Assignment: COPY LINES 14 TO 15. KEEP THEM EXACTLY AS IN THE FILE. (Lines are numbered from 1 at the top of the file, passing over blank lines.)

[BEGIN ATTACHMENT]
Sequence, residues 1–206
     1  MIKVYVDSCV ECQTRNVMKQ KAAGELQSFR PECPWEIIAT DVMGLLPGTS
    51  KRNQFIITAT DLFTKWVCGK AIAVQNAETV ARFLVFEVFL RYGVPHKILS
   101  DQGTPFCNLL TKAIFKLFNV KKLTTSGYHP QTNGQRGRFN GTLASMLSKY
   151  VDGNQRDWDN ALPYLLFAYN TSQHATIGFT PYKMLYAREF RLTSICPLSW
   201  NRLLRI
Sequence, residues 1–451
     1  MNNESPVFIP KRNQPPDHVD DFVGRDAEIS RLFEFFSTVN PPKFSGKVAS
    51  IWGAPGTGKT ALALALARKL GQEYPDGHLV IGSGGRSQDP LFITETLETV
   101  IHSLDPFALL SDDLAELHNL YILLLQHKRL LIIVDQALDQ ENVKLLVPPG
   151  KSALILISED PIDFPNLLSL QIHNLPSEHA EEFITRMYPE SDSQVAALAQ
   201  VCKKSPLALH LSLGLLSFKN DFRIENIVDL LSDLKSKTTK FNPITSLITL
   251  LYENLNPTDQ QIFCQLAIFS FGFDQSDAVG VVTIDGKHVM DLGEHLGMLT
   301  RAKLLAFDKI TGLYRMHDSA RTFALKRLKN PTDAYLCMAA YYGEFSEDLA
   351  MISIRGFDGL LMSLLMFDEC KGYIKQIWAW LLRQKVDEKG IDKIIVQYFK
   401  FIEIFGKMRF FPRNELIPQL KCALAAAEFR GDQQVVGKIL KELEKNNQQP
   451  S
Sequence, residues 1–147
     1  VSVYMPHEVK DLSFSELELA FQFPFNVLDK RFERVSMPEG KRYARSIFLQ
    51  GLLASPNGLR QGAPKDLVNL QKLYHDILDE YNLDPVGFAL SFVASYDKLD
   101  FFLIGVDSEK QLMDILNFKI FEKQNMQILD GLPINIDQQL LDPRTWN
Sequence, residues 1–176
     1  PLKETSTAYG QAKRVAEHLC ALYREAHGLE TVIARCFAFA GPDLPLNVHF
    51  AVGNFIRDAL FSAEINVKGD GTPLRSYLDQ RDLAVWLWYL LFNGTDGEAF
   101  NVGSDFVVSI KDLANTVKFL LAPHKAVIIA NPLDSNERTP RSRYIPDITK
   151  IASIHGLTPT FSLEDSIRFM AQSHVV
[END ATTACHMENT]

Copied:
   301  RAKLLAFDKI TGLYRMHDSA RTFALKRLKN PTDAYLCMAA YYGEFSEDLA
   351  MISIRGFDGL LMSLLMFDEC KGYIKQIWAW LLRQKVDEKG IDKIIVQYFK